It looks like Josh and his fellow rabble rousers had a positive effect on at least one person who attended the protest last Saturday. Daron Williams, founder of a local Coffee Party chapter, speaks of the need for civility in discourse in today's Spokesman Review.
There were three younger guys at the rally who were each holding a sign that simply said “rabble.” They were moving around both groups with their signs saying “rabble, rabble, rabble.” People walking by began asking if they could get their pictures taken with the rabble boys, and over the course of the event the rabble boys managed to get interviewed by local media.
They got me thinking about the Coffee Party and why the message of civility in politics is needed so much in this country.
The protest and counter rally simply did no good for anyone. Neither side came out ahead or won the other side over, and to the people passing by the only message that got through was “rabble, rabble, rabble.” The political polarization that was present that night is the same polarization that we see every day in Washington, D.C.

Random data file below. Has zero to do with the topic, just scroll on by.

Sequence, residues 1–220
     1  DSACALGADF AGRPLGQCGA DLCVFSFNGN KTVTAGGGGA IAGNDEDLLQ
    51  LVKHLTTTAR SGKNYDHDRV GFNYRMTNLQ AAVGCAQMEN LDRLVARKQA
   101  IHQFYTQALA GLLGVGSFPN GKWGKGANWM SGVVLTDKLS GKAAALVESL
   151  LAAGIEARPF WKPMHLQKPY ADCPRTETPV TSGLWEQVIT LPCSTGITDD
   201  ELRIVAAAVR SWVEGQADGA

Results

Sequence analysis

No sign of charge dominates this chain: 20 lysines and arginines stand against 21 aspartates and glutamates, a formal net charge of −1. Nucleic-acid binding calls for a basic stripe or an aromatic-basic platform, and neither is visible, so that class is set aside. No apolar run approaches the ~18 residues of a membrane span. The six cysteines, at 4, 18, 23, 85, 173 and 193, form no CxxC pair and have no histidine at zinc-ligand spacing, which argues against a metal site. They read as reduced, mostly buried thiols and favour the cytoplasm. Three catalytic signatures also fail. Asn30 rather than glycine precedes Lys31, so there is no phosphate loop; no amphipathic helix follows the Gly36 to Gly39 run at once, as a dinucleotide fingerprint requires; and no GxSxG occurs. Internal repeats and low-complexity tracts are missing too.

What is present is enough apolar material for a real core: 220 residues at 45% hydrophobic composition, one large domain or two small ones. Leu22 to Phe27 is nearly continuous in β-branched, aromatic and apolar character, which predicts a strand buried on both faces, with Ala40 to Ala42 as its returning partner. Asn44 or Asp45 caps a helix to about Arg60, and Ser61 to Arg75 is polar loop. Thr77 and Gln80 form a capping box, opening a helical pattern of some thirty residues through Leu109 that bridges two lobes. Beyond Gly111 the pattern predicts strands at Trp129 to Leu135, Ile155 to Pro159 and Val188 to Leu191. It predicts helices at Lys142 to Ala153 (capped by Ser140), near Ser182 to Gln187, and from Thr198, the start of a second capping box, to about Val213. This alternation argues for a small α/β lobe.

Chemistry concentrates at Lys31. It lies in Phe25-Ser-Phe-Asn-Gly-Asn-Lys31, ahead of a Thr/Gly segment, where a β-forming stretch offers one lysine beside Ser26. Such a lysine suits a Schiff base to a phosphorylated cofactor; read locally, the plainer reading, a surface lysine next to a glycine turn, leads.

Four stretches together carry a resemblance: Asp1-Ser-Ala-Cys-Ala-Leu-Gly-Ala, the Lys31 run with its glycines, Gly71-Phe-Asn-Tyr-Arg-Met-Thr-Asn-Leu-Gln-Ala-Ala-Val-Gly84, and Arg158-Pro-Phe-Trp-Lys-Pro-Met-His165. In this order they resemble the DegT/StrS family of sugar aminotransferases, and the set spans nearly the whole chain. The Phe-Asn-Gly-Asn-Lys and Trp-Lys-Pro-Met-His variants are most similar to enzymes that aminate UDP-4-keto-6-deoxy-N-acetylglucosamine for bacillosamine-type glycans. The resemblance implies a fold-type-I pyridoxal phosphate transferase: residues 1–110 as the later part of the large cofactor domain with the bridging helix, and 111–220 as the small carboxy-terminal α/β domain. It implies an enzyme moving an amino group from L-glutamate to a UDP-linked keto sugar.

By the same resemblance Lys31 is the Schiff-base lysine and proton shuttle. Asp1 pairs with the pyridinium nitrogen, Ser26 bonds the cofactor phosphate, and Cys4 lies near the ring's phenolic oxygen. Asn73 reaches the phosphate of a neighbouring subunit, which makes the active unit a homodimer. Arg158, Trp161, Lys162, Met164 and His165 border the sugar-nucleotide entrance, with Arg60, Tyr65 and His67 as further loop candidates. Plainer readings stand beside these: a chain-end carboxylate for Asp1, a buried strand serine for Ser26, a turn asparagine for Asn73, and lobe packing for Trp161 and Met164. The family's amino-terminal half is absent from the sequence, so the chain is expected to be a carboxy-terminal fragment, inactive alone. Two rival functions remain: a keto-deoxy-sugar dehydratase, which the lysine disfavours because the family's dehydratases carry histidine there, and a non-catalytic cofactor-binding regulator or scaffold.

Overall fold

The Coffee Party is a national movement based on the simple idea that when we sit down face to face over a cup of coffee (or tea) we can actually have a conversation. By having a conversation instead of a yelling match, we can start moving forward to solve the problems of our day. We can see each other not as conservative or liberal but as fellow Americans.
We have to start talking to each other again and ensure that all of our voices are heard.